GRACE: You know, we`re seeing shots of your premature baby right now. Both of mine were preemies.

SHEPHERD: Yes.

GRACE: That`s extremely dangerous. How did they evacuate him and keep him alive?

SHEPHERD: They hooked him up to an oxygen tank and Nurse Sandy who`s taking care of him on Monday grabbed him and basically walked down nine flights of stairs. So -- nine flights of stairs down to the lobby. It was pretty scary.

(COMMERCIAL BREAK)

GRACE: We are joining you live tonight in the center of the Sandy devastation.

Out to Theresa Howard, organized a power party to help her neighborhood.

What are you doing, Theresa, to help?

THERESA HOWARD, HEADING UP NEIGHBORHOOD RELIEF EFFORTS IN HOBOKEN: Hi, Nancy. We did something really simple. Our block was really fortunate. We had absolutely nothing wrong on our block. And it was just a really simple thing to set up and we kind of rallied all our neighbors and people put up power cords and we`re serving coffee. We started it yesterday morning. And it ended up going all and we were out there again today in addition to kind of rallying the troops and making a big run to Wal-Mart to buy batteries and some supplies when we heard that our city was running out of supplies last night.

GRACE: You know what, Theresa Howard, you don`t know how much battery supplies and a hot cup of coffee can mean to people.

To Andrew Gounardes, helping residents in Brooklyn. Andrew, what are you doing to help?

ANDREW GOUNARDES, HELPING RESIDENTS IN BROOKLYN, RUNNING FOR STATE SENATE: Hey, Nancy. What we`re trying to do is we`re collecting toys for kids that lost everything in their homes out in Garretson Beach, Brooklyn. Garretson was an area that wasn`t evacuated. Because they weren`t told to leave so neighbors were taken by surprise and the water swept in, they lost everything.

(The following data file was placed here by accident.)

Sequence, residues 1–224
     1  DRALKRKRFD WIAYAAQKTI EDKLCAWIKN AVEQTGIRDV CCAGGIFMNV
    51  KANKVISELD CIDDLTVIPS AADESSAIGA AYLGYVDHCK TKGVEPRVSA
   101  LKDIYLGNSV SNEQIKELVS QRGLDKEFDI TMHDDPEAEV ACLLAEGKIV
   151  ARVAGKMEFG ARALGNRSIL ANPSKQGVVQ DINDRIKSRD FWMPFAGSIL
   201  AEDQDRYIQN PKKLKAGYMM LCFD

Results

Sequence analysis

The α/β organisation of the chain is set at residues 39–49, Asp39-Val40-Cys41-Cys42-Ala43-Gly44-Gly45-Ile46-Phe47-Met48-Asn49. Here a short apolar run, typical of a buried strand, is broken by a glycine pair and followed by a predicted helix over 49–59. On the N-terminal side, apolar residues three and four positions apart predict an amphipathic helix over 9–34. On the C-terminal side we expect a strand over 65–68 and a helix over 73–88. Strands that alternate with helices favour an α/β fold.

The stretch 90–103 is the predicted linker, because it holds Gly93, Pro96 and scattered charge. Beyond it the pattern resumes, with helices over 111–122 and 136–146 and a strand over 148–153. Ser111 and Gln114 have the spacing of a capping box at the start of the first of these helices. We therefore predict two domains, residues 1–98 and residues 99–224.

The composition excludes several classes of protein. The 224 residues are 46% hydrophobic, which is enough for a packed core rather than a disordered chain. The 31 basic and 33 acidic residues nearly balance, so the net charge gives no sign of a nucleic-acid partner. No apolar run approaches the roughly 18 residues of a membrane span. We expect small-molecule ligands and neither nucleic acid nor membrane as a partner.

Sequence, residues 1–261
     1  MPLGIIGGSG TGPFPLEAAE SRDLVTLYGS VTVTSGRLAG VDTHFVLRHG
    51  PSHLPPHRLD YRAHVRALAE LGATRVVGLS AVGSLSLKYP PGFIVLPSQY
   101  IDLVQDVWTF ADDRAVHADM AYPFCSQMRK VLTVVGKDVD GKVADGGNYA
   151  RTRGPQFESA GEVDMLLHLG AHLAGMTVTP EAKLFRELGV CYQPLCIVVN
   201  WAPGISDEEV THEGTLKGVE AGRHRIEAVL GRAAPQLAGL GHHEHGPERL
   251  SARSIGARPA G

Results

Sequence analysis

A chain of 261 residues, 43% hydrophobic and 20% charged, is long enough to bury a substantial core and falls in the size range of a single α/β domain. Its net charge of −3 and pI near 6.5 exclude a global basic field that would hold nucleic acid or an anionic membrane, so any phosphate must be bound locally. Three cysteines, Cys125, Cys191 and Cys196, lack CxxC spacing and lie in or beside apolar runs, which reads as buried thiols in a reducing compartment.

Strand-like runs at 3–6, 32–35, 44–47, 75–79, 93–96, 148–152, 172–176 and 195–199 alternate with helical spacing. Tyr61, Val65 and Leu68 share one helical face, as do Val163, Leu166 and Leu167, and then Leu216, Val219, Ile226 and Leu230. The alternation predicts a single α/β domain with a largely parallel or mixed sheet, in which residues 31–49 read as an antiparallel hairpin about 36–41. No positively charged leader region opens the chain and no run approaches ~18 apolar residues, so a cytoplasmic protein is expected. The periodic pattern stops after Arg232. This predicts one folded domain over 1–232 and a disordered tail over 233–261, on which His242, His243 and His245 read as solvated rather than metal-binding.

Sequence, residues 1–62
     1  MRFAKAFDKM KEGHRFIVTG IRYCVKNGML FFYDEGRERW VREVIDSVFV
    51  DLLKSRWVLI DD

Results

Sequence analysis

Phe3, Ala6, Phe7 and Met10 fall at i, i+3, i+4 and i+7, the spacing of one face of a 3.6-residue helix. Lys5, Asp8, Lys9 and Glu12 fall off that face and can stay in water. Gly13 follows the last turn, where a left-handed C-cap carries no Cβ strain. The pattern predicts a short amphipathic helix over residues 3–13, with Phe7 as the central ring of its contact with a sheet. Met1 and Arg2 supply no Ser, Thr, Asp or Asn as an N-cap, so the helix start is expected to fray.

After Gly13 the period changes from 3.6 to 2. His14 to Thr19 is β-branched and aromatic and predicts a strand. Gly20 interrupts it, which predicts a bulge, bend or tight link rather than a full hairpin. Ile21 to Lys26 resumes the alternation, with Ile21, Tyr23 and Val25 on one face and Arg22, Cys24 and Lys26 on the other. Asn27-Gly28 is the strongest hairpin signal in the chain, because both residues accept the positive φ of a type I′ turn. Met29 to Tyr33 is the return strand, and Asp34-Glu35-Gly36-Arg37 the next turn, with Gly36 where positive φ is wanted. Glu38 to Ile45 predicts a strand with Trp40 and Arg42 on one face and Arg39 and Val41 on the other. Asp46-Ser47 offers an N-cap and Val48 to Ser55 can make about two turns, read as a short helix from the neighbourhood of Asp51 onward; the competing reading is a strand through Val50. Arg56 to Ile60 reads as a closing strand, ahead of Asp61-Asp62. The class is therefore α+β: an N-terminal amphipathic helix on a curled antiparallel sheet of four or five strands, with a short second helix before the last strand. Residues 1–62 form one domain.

And so we`re just trying to help some of the families and some of the kids who are now in shelters all across Brooklyn, you know, at least have some semblance of a normal life.

GRACE: Andrew, my children are about to turn 5 years old this coming weekend, and that really touches my heart that you were going into these shelters and giving them toys.

Speaking of children, Jo-An Tremblay Shepherd, her premature baby evacuated from NYU. And I`m happy to report tonight is alive and doing well.

Jo-An, you know how touch and go it is with premature children, right?

SHEPHERD: Absolutely, yes. Absolutely.

GRACE: As you look back on it, what are your thoughts?

SHEPHERD: I`m just so happy that, you know, Jackson was actually surrounded by the NICU nurses at NYU. Really my heart goes to them. They`re the ones that really stepped up to the plate. It was an emergency situation, and they did what they do best. And that`s taking care of little babies that are --

GRACE: You know what, Jo-An? You`re absolutely right about the people at the hospital, but I guarantee you there were angels all around you saving your baby. God bless the baby.

SHEPHERD: Absolutely. He`s doing well. That`s the important part.

GRACE: Everyone, ABC`s hit show "What Would You Do?" up next. I`ll see you tomorrow 8:00 sharp Eastern. And until then, keep the faith, friend. Good night.

END